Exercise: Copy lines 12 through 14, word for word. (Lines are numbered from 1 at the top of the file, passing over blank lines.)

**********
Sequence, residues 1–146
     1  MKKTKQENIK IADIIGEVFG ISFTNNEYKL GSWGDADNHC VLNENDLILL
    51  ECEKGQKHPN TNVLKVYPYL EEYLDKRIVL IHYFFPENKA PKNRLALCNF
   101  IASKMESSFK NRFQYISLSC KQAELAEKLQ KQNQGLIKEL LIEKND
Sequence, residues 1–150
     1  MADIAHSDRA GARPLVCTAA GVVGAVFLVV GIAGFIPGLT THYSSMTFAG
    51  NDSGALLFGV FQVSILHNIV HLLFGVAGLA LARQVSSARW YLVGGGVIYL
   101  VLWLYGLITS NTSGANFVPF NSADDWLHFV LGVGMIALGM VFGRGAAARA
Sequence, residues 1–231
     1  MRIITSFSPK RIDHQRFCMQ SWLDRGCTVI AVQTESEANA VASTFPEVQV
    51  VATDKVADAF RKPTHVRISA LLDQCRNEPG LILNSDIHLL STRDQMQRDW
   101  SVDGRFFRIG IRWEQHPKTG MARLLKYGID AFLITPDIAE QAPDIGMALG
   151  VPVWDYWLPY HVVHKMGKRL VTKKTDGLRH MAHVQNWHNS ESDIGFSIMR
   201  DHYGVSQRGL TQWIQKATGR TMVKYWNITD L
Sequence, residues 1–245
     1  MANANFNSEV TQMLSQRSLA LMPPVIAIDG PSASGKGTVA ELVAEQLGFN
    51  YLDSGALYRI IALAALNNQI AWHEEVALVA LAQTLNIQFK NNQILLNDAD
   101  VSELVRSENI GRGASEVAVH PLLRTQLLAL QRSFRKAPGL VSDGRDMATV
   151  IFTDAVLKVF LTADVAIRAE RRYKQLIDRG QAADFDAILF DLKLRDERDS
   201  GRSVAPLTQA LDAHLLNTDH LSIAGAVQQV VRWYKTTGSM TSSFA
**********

   101  SVDGRFFRIG IRWEQHPKTG MARLLKYGID AFLITPDIAE QAPDIGMALG
   151  VPVWDYWLPY HVVHKMGKRL VTKKTDGLRH MAHVQNWHNS ESDIGFSIMR
   201  DHYGVSQRGL TQWIQKATGR TMVKYWNITD L